Tuesday, September 28, 2021     Volume: 22, Issue: 30

Santa Maria Sun / News

The following article was posted on December 16th, 2020, in the Santa Maria Sun - Volume 21, Issue 42 [ Submit a Story ]
The following articles were printed from Santa Maria Sun [santamariasun.com] - Volume 21, Issue 42

COVID-19 cases at Lompoc prison creep back up, concern rises

By Malea Martin

A new COVID-19 outbreak at the Lompoc Penitentiary—though currently much smaller than the one that peaked in May and infected hundreds—has family members and inmate advocates concerned about the current situation.

Family members of inmates at the Lompoc prison gathered in protest in late April when the first COVID-19 outbreak was beginning to ramp up.

As of Dec. 15, the Bureau of Prisons reported that 25 inmates and one staff member had tested positive for the virus, nearly doubling from the 13 reported the previous day. 

Chrissie Rogers, the founder of Love Your Inmate, a support group for family members of incarcerated individuals, said she started keeping a close eye on prisons when COVID-19 first hit.

“I noticed Lompoc got one, then five, 14, then 60,” Rogers said of the outbreak that peaked in May. “The numbers just started climbing.”

Rogers is concerned that the current situation could grow into something of a similar magnitude. 

“I’m a nurse. I know what this virus is doing,” she said. “The health care is not adequate in there to begin with.”

Through her work with Love Your Inmate, Rogers said she has contact with more than 300 people incarcerated at Lompoc. 

“Right now their biggest concern is medical,” she said. “They’re scared. They’re scared of another outbreak, they’re scared of being reinfected.”

The Sun asked the BOP whether any of the new cases are reinfections, but the bureau did not respond. The Sun has made repeated attempts to contact the Bureau of Prisons’ Public Affairs Department for comment since November.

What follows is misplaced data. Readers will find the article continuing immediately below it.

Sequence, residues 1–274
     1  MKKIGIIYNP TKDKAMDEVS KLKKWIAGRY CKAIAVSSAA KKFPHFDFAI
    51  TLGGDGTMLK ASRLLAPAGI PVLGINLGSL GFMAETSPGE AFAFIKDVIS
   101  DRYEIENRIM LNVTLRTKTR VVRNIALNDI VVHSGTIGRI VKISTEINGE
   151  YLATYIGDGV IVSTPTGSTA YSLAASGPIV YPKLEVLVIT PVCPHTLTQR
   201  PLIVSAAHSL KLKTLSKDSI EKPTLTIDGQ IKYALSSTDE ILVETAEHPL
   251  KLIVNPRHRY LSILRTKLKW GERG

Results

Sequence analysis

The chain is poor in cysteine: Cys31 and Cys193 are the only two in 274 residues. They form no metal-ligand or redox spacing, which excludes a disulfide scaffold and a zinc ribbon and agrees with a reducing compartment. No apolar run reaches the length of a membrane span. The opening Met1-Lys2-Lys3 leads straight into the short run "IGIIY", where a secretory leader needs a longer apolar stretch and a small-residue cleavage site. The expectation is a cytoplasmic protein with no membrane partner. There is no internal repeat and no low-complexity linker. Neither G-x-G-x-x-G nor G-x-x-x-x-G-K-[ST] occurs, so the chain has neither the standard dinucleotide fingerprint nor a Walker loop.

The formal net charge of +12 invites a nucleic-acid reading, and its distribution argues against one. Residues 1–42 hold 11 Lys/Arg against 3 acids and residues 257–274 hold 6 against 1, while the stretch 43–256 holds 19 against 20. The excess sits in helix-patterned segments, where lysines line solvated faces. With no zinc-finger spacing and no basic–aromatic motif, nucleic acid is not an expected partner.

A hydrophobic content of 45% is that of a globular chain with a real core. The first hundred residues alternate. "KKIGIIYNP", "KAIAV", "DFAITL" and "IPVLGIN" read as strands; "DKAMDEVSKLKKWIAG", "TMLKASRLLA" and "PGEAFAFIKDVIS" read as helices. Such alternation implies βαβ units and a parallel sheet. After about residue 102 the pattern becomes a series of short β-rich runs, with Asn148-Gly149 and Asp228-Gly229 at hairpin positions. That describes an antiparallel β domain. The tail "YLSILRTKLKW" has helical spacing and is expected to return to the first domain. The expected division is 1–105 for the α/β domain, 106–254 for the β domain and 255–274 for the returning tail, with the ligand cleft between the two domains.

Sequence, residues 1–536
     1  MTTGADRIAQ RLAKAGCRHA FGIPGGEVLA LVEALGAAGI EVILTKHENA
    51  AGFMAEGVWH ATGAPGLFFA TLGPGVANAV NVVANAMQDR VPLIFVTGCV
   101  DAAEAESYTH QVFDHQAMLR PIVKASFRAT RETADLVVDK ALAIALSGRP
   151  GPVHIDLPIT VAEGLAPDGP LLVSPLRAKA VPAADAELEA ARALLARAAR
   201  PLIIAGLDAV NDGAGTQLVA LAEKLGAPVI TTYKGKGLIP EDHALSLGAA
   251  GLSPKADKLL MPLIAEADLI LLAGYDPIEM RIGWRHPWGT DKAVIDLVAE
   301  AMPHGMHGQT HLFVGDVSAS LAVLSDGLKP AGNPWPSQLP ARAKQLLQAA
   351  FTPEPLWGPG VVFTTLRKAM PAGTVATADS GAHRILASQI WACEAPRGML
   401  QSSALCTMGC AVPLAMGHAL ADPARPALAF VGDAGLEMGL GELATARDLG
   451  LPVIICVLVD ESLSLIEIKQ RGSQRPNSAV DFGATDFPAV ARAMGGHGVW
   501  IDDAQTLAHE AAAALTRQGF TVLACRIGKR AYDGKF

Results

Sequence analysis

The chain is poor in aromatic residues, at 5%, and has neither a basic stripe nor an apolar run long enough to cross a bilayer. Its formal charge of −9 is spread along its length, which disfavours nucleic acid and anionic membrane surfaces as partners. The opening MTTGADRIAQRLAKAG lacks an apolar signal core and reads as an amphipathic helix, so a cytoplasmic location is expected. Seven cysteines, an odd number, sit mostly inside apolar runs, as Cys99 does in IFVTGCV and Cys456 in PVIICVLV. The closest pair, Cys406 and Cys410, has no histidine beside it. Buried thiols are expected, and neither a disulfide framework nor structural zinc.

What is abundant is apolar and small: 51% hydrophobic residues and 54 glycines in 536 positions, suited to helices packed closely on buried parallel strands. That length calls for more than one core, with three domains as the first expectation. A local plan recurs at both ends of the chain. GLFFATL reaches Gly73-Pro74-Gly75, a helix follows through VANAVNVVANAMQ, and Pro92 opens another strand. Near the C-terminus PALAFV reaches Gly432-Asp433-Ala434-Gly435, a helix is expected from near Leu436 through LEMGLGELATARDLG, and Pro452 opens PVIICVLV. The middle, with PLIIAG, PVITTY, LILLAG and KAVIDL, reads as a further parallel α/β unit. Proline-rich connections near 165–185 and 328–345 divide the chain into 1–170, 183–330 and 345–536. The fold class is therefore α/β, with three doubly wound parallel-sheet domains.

U.S. Rep. Salud Carbajal sent a letter to the bureau’s deputy director on Dec. 4 in which he asked for more information about medical staffing levels within Lompoc Penitentiary, what the prison’s plan is for potential case surges, and what the current communication protocols are for family members of those incarcerated who contract the virus. As of Dec. 14 Carbajal’s office had not yet received a response back. 

Rogers said that for family members of inmates, the amount of information they receive about their loved ones’ medical status is minimal.

“When you don’t get a call or anything to know that your loved one is OK, I mean, as far as we know they could be hospitalized,” she said. “We would never know until it’s end of life. They won’t tell you due to security reasons if they’re in a hospital, or they’re in a quarantine unit.”

Lompoc prison isn’t the only correctional facility battling a COVID-19 outbreak in Santa Barbara County. The Santa Barbara County Jail reported on Dec. 14 that seven staff members have tested positive for the virus in the last week. The jail did not report any inmate infections.

“All five custody deputies consistently wore PPE while interacting with inmates,” according to a statement from the county.

The other two recently infected staff include a sheriff’s deputy and a member of the department’s professional staff. 

“The deputy consistently wore a mask while at work,” the statement said. “The non-sworn member of our professional staff last worked on Dec. 8, 2020, in a position that does not involve contact with the public nor inmates.”

The juvenile hall also experienced a couple of cases among staff, reporting on Dec. 4 and Dec. 9 that institution staff members assigned to the Santa Maria Juvenile Hall had tested positive. In the first case, the individual had not been in contact with youth or other staff. In the second case, “although the staff consistently wore a face mask while on duty,” youth and staff who had close contact with the infected person were tested as a precaution, according to juvenile hall officials. 

Weekly Poll
What are the most important conversations to be having right now when it comes to policing?

We need to address how racial bias influences policing.
We should focus on funding the police so they can do their job.
Mental health is where our dollars need to go, both in and out of the police department.
As one Sept. 20 community input meeting attendee said, 'Let’s get back to the Old West and treat people like they should be treated.' (Interpret how you will.)

| Poll Results

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